Arthur Eddington and the energy of the stars

Arthur Eddington and the energy of the stars

Arthur Stanley Eddington was an astrophysicist who became famous for spreading the Theory of Relativity in the Anglo-Saxon world and for demonstrating that energy is transported inside the stars by radiation and convection.

He was born on December 28, 1882 in Kendal, Westmorlnad, England. In his childhood he studied in a public school (Brymelyn School) due to the low income of his widowed mother. He excelled in math and English studies.

In 1898 he was awarded a three-year scholarship with which he agreed to study at Owens College in Manchester, between 1898 and 1902. For his high school performance he was again awarded a scholarship to study at Trinity College in Cambridge and began in 1905 his works at the Royal Astronomical Observatory of Greenwich, the first of which was to reduce plates taken to the Eros asteroid to determine a suitable value for solar parallax.

In 1912 Arthur Stanley Eddington began teaching astronomy and experimental philosophy at the University of Cambridge. From 1914 he was appointed director of the Cambridge Observatory and, shortly thereafter, a member of the Royal Astronomy Society.

He became interested in Einstein's theory of relativity in 1915, especially those works that explained the abnormal movement of the orbit of Mercury and it was he who, being a participant in the expedition to observe the solar eclipse in March 1919 in West Africa, documented the displacement of the position of the stars observed during eclipses of the sun, which confirmed the theory that light is deflected by gravity. His most important book on this subject was titled "Mathematical Theory of Relativity", published in 1923.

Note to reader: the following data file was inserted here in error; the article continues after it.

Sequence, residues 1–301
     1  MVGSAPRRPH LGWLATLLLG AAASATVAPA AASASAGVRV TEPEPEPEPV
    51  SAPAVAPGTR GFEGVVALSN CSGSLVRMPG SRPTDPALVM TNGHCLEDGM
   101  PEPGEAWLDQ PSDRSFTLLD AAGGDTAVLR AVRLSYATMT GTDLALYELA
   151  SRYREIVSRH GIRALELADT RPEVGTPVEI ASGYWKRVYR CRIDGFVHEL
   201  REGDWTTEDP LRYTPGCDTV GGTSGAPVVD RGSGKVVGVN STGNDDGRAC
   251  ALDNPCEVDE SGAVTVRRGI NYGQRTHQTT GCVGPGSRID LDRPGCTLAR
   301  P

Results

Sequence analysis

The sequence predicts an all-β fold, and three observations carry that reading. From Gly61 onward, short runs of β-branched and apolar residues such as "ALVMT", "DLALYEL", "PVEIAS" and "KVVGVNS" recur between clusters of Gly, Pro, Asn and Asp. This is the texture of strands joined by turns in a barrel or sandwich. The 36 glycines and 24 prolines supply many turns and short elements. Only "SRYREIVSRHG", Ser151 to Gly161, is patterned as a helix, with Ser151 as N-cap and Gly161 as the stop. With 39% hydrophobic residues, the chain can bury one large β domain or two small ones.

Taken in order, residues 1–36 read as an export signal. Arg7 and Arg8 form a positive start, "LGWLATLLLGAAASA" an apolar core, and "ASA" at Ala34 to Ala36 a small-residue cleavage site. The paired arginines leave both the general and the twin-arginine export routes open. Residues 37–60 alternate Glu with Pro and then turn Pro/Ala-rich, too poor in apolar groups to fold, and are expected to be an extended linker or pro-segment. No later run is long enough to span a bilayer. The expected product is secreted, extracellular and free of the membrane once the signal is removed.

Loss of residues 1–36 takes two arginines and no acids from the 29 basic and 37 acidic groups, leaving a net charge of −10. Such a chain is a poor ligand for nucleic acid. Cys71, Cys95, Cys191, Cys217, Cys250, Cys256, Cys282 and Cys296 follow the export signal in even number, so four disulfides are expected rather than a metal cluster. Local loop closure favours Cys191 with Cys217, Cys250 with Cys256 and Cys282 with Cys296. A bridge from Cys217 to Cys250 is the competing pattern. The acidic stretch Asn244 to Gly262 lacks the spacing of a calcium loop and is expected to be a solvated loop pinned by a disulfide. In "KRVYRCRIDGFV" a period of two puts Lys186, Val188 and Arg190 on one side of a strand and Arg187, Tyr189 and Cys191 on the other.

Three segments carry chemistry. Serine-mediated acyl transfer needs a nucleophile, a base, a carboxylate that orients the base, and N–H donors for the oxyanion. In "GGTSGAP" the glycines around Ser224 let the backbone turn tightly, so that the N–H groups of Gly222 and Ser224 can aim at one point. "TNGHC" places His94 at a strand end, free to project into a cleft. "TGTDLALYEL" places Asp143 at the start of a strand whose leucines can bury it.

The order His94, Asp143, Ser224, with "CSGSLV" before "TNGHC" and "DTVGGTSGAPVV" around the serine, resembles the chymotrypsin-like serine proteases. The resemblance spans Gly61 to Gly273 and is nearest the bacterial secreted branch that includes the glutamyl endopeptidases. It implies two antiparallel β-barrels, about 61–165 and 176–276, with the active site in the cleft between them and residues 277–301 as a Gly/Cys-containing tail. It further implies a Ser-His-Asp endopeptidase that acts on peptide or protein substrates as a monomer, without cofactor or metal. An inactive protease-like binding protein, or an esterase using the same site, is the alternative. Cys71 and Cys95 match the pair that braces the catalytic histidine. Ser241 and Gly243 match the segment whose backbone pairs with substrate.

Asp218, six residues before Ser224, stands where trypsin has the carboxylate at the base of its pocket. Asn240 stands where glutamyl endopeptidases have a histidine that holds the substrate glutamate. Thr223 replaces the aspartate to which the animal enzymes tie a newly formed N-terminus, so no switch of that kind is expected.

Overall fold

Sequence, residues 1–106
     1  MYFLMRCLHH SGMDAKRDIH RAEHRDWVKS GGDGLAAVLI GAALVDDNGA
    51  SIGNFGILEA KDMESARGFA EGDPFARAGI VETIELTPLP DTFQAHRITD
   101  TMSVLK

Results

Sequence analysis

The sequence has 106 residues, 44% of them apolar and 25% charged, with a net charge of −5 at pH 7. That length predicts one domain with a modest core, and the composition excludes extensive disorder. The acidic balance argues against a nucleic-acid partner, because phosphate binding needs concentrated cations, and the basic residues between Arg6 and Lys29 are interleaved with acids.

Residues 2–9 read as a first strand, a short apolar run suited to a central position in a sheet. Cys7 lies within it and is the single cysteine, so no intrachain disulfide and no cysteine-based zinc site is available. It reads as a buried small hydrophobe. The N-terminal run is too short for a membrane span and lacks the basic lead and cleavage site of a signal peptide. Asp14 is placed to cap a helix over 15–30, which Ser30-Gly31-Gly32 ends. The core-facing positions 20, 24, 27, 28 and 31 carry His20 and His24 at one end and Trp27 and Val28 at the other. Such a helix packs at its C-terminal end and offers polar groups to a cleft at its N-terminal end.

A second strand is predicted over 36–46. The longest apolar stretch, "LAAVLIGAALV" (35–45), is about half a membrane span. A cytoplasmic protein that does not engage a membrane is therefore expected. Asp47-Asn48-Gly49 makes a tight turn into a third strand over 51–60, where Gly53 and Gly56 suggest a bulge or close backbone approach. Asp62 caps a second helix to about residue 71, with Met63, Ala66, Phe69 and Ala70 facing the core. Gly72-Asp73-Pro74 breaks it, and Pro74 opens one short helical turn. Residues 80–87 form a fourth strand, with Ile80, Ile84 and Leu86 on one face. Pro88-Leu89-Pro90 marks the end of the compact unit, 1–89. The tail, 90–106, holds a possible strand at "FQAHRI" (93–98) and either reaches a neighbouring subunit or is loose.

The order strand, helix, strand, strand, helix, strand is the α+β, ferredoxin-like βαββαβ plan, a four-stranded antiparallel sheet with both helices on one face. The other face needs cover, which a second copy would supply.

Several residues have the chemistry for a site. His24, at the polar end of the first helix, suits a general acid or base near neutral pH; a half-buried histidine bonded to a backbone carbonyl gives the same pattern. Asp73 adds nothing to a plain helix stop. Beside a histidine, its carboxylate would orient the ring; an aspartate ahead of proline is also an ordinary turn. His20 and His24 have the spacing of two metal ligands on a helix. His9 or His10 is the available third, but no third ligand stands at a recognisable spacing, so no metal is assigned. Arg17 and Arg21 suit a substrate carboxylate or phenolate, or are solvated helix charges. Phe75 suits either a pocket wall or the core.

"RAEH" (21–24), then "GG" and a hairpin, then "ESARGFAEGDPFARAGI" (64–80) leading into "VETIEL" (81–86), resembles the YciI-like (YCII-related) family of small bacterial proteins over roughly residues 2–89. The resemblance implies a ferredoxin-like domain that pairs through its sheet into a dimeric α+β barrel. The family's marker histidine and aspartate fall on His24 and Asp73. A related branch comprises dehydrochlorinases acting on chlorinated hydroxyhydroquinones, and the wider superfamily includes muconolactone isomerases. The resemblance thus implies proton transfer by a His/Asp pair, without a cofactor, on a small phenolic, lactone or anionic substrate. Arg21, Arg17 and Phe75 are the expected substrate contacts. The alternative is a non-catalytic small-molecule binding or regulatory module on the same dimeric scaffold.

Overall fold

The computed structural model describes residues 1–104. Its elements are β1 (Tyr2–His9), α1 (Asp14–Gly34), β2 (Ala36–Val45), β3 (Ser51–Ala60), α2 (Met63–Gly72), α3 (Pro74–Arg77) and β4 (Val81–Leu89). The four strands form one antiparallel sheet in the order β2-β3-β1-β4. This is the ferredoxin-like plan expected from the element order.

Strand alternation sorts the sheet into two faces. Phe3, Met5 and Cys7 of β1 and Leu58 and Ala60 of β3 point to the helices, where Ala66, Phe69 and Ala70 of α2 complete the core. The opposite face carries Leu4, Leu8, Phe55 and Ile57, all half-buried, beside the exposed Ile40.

Another test conducted by Eddington to verify the certainty of the theory of relativity was to measure the redshift of the light emitted by a large mass object. In 1925 he studied the light of the star Sirius B, a white dwarf of great density, corroborating the theory exposed by Einstein.

He defended the theory of the expansion of the universe, but disagreed with the theories of black holes proposed by Chandrasekhar. He was a great student of the internal structure of the stars. He discovered the mass / luminosity ratio, calculated the amount of hydrogen and proposed a theory to explain the pulsation of the Cepheid stars.

Arthur Stanley Eddington also conducted studies to apply physics to stellar conditions that were a great approximation to the understanding of energy production by the stars. He proposed that these be maintained in a balance that involved three forces: gravity, gas pressure and radiation pressure. He showed that energy was transported by radiation and convection.

All these works were reflected in the book "Constitution of Stars" (1926). In the 1930s Eddington tried unsuccessfully to combine relativity with quantum theory. He was one of the most popular writers of scientific books. He was appointed Knight of the court in 1930 and received the order of merit in 193. Eddington was recognized by the greatest astronomical societies in the world.

He died on November 22, 1944 in Cambridge, Cambridgeshire, England. His latest book, "Fundamental Theory" (1946), was published posthumously.

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